Saturday, November 21, 2009
Acting - completely different from storytelling - or, is it? Storytellers have no fourth wall. We do not create illusion, we create images together WITH the aduience, not FOR the audience. we can connect directly with audience as ourselves and can go in and out of character - if we have the skill - without ruining the performance. With this as my background I was excited to take an acting course. I fell into storytelling nearly 20 years ago, when the acting course I wanted was closed and the only course available as a possible elective, was Storytelling. I was in my mid thirties and wanted to study acting - I had been way too shy when I was in high school to do anything like perform in front of people. Art school (where I completed undergraduate work as a painter ) had no acting except for the extensive posturing of "artistes" but that is another story...
So Robert and I took an amazing acting course this fall - It was called - Fun With Shakespeare. It was many things but "fun"? Seems so trite. It was challenging, provocative, stimulating and supportive. It was also fun, but that was secondary. First of all we each learned two monologues and one scene. The language was dense and we had only 8 weeks - 2.5 hours a week of class time to do all this work. Luckily we had an amazing class - every student was serious and committed yet, none were annoyingly dour or critical. We all worked really hard.
Our instructor, director D.Adriane Spunt, was a fearless leader. She kept standards high while keeping anxiety low - this is a masterful skill for a director. Some of us had acted, some had just a wee bit of experience and long ago and others had never done anything like acting, ever. Adriane made us all at home in our experience and we worked together very well. My experience as a story teller probably helped me some, but I am very new to acting classes. When telling a story, I usually imagine myself to be the person of every voice I speak - BUT memorizing other people's words? Eeeek. I eventually got the hang of Portia's speech and decided I really liked having someone to talk to while I ranted and raved. And the beauty of the words was a treat.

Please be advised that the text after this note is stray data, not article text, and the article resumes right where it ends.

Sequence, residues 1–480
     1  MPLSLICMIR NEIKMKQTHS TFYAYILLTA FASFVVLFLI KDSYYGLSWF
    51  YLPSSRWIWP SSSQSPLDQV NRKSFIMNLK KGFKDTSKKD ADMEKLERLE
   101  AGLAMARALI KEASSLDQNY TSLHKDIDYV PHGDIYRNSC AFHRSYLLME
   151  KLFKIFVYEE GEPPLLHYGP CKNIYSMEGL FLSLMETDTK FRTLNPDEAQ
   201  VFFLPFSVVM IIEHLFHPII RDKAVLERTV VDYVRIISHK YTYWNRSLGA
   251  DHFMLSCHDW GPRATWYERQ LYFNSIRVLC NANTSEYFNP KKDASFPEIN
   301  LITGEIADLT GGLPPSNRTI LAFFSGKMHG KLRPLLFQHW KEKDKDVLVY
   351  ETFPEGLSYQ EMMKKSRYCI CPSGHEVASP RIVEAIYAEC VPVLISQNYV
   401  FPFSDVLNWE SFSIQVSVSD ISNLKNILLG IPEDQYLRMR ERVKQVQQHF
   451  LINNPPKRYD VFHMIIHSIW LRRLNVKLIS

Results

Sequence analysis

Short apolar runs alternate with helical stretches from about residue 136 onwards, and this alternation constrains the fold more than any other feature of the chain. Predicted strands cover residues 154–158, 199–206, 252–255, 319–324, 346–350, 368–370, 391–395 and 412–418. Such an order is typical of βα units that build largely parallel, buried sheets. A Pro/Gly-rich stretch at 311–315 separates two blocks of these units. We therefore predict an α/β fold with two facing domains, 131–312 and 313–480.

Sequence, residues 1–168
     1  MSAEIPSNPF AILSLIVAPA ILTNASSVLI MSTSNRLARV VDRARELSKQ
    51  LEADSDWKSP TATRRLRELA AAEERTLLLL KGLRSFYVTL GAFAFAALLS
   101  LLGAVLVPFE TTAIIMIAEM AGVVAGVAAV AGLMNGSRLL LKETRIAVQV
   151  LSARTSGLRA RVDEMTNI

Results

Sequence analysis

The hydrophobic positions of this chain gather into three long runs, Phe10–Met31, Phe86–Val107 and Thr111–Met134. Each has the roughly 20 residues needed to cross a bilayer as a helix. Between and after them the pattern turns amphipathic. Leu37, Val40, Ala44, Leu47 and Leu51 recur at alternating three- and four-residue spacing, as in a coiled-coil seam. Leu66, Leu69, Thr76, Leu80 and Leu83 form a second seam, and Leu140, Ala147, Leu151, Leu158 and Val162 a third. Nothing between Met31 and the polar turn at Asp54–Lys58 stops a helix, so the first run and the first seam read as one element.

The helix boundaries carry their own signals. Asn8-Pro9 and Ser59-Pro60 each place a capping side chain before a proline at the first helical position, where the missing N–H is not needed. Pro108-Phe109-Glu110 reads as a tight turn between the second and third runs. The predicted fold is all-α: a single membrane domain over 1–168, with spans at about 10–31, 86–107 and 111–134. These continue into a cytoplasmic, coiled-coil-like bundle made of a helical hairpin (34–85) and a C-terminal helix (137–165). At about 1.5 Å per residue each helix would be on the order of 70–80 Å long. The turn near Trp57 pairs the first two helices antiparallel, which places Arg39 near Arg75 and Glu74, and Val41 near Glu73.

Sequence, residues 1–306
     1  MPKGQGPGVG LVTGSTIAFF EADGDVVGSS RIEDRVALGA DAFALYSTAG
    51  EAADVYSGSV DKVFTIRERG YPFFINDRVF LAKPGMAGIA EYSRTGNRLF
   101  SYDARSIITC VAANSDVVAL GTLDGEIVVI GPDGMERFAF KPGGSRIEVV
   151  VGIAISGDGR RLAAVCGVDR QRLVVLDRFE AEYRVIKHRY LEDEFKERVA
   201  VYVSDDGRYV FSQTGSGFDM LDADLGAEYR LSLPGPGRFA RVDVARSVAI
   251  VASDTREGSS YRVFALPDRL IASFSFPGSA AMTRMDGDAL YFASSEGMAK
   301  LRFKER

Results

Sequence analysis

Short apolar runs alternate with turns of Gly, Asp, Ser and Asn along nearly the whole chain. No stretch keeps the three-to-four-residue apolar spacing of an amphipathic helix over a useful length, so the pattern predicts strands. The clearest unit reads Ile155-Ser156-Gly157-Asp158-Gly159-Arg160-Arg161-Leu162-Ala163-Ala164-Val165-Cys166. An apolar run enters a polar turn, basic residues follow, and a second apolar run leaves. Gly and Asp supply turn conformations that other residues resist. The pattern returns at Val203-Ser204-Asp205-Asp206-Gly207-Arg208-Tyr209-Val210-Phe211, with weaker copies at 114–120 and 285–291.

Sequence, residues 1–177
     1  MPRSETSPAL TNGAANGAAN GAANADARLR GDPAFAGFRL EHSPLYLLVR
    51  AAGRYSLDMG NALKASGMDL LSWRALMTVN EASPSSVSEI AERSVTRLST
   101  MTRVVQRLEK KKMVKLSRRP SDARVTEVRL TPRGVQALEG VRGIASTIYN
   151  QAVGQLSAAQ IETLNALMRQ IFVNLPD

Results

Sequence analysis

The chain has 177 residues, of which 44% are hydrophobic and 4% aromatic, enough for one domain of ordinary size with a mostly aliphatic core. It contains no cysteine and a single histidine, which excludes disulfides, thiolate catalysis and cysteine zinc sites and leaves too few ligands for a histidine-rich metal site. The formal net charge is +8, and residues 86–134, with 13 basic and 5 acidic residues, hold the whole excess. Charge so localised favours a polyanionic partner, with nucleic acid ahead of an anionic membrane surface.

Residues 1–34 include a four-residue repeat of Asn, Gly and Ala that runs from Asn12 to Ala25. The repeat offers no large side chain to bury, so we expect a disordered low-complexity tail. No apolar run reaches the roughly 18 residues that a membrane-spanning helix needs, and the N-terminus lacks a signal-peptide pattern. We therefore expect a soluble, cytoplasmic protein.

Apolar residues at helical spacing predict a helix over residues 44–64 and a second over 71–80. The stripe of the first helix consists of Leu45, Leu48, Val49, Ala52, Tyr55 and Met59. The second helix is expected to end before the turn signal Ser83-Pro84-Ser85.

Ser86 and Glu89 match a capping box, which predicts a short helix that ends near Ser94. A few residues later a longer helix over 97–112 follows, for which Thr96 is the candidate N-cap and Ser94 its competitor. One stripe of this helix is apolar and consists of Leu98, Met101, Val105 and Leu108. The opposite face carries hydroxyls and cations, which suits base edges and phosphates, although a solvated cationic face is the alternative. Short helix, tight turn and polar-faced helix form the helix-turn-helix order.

The scene from Richard the III was challenging. I could not make head nor tails of Lady Anne at first. It made perfect sense that she would attack, even if it seemed suicidal, the creep who killed her husband. In her belief system, she could not escape her situation through direct suicide, so perhaps she was provoking Richard III to kill her? Yet, a few pages later, she takes his ring and we learn that she marries him. The story was really getting in my way of saying the words as written.
Having eyes outside of me and someone direct me and another actor to work with on all this was extremely enjoyable. As a storyteller, I tend to go into a story trance and allow the story to come through me.I do not think about or analyze much of what I do. Instead I perform by speaking the voices in my head and then checking in with the same voices about what I am doing. Kinda lonely. Kinda too mentally ill.
While acting, I felt more conscious and aware of the process and actually made choices about how I moved or spoke. It is a different process but one that would help me with my work. A story buddy ? *sigh* I have long hoped for one.
BTW - Here is Robert in Henry V...
Wonderful class !